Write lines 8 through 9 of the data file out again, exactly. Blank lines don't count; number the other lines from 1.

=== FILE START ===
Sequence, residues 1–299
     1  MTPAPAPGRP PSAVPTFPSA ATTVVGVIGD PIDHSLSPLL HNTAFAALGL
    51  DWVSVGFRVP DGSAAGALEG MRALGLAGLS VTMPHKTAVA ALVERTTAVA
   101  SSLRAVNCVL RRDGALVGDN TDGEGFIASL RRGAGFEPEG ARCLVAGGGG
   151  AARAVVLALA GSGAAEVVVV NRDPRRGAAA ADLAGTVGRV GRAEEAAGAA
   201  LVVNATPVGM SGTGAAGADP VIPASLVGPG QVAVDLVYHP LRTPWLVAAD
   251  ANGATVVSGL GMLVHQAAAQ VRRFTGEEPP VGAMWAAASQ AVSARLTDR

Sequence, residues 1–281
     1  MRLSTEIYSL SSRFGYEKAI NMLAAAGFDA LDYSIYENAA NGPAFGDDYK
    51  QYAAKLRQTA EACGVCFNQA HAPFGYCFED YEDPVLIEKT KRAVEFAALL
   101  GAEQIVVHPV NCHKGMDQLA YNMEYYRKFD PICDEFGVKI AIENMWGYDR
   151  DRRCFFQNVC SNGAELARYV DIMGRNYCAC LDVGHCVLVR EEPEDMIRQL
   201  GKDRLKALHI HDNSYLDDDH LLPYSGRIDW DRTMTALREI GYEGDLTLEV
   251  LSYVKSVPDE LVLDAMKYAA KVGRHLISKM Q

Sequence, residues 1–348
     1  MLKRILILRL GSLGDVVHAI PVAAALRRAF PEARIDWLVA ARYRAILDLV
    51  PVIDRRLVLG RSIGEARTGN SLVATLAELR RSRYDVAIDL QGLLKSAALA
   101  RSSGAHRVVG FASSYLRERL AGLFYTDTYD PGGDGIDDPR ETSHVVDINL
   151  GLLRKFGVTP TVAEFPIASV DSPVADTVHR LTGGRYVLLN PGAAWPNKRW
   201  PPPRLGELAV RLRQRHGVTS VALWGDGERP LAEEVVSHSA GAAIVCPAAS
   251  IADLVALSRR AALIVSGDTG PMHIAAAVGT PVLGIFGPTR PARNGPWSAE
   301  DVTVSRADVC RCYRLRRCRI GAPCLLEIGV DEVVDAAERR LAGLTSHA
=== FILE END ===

Sequence, residues 1–281
     1  MRLSTEIYSL SSRFGYEKAI NMLAAAGFDA LDYSIYENAA NGPAFGDDYK